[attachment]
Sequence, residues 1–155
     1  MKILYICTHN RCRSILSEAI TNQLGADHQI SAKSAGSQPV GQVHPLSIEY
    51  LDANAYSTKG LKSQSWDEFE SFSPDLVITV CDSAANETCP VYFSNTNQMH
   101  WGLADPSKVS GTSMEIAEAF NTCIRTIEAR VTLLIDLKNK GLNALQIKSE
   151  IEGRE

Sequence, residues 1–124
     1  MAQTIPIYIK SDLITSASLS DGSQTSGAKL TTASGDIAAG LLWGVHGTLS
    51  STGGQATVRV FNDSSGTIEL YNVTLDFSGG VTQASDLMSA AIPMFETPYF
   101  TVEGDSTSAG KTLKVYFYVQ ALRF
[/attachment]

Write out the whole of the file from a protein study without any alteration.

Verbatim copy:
Sequence, residues 1–155
     1  MKILYICTHN RCRSILSEAI TNQLGADHQI SAKSAGSQPV GQVHPLSIEY
    51  LDANAYSTKG LKSQSWDEFE SFSPDLVITV CDSAANETCP VYFSNTNQMH
   101  WGLADPSKVS GTSMEIAEAF NTCIRTIEAR VTLLIDLKNK GLNALQIKSE
   151  IEGRE

Sequence, residues 1–124
     1  MAQTIPIYIK SDLITSASLS DGSQTSGAKL TTASGDIAAG LLWGVHGTLS
    51  STGGQATVRV FNDSSGTIEL YNVTLDFSGG VTQASDLMSA AIPMFETPYF
   101  TVEGDSTSAG KTLKVYFYVQ ALRF